That reality is all too clear to Kansas legislators struggling to sustain state health insurance and unemployment insurance programs in the face of unprecedented revenue shortfalls.
The Kansas unemployment insurance system is virtually broke at a time when Department of Labor officials say they need about $15 million a week to pay benefits to out-of-work Kansans.
In addition, the Kansas Health Policy Authority is working to keep up with surging applications for Medicaid and the Children’s Health Insurance Program with a staff depleted by budget cuts. The backlog is now above 16,000 though exact numbers won’t be available until later this week, said Barb Langner, the agency’s Medicaid director.
A 10 percent cut in Medicaid reimbursement rates ordered by Gov. Mark Parkinson to help deal with an anticipated $400 million shortfall in state revenues is also taking its toll on Kansans and the agency’s ability to provide needed services.
Unemployment insurance fund
On Tuesday, Kansas Labor Secretary Jim Garner told members of a Senate committee that the state would soon have to start borrowing money from the federal government to pay unemployment benefits. And to replenish the state’s unemployment insurance trust fund, Garner said the department was doubling the average unemployment tax rate assessed on employers to 4.37 percent in 2010 from 2.02 percent in 2009.
The increased tax – paid on the first $8,000 of an employee’s wages – is expected to generate $407 million in 2010, up from the $198 million raised in 2009. But even that is expected to fall far short of the more than $700 million that officials predict will be needed to pay claims.
The state paid more than $766 million in unemployment benefits in 2009, up dramatically from the $333 million paid in 2008.
Garner told members of the Senate Business and Labor Committee that despite protests from employers, higher tax rates are needed to restore the state trust fund and minimize the amount of money borrowed from the federal government.
“This is an insurance fund. And just like any insurance program, when a disaster strikes you see an increase in premium costs,” Labor Secretary Jim Garner told members of the Senate Business and Labor Committee on Tuesday.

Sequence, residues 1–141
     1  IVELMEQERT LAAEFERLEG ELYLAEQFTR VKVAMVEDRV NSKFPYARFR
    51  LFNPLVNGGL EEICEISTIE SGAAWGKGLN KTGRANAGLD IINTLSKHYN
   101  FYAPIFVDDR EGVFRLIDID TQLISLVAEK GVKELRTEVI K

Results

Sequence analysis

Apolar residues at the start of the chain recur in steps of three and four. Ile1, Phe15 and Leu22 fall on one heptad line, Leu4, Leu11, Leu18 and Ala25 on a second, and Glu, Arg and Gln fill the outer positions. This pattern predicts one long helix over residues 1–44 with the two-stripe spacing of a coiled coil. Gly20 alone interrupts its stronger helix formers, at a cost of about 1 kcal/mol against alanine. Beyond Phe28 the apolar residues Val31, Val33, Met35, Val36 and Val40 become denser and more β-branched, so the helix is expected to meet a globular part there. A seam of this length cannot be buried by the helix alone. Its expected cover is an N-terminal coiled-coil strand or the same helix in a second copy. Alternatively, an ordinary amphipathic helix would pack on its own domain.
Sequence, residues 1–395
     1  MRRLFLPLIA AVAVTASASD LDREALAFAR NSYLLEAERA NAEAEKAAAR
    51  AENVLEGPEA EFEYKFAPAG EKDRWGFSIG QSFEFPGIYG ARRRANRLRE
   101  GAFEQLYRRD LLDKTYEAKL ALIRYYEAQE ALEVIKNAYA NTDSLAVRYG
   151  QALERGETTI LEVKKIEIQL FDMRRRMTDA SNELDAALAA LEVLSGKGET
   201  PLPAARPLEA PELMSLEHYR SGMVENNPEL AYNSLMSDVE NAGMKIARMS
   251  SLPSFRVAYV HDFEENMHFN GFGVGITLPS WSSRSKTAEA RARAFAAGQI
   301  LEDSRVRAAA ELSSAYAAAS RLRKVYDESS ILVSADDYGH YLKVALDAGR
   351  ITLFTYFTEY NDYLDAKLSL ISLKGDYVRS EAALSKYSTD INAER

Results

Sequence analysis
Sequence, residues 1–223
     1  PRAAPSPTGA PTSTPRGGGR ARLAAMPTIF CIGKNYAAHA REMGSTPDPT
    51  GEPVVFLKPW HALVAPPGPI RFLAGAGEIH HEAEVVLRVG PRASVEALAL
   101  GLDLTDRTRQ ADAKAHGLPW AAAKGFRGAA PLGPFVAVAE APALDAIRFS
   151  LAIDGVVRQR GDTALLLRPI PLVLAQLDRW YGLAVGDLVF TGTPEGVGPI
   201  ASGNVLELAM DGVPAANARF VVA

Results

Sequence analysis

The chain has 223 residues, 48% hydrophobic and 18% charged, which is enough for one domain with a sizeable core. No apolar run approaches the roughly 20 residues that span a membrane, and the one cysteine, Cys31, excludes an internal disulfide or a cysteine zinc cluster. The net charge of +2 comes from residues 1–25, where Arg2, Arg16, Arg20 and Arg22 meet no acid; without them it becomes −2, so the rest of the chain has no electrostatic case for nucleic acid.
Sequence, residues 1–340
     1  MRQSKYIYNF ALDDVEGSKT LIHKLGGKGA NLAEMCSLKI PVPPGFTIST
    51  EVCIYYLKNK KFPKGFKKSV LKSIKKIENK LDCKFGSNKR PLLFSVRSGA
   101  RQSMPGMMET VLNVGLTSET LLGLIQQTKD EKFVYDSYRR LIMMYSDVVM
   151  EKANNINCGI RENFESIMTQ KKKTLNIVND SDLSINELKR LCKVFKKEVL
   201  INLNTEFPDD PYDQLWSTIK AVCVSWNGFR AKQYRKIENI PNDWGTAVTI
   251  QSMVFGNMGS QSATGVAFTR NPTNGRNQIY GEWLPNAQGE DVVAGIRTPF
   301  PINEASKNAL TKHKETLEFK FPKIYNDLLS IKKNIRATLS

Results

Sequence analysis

But members of the committee said the increased assessments couldn’t come at a worse time for employers. Sen. Susan Wagle, R-Wichita, the panel’s chairwoman, proposed two bills to soften the blow. One would increase the wages taxed to $9,000 this year and $10,000 next year, a change that would spread the tax burden over more businesses. The second would essentially allow employers to pay only half of what they owe in the first quarter, excusing them from penalty and interest payments on the remainder.
“I know this is going to have an impact on the fund,” Wagle said. “I know we’re going to have to borrow more money. But there are employers who don’t know how they’re going to make that first-quarter payment.”
On the health care front, members of the full Senate are expected this week to consider a proposal to use federal stimulus funds to restore the 10 percent cut in Medicaid rates. And an effort is being mounted in Washington, D.C. by hundreds of advocacy groups to extend Medicaid assistance being provided to the states.
The original economic stimulus bill contained $87 billion to help states sustain their Medicaid programs through 2010. The coalition is requesting that the assistance – an increase in the share of Medicaid expenditures covered by the federal government – be extended to June 30, 2011.
The Medicaid assistance Kansas is receiving – estimated by KHPA to total about $440 million – is in part based on the state’s unemployment rate. That is because many people who lose their jobs also lose their health insurance, forcing them into the ranks of the uninsured or onto public programs.
The Kaiser Commission on Medicaid and the Uninsured estimates that nationally every percentage increase in the unemployment rate increases the number of uninsured by 1.1 million and the number of Medicaid and CHIP enrollees by 1 million.
The Kansas unemployment rate rose to 6.3 percent in December of 2009 from 4.9 percent a year earlier.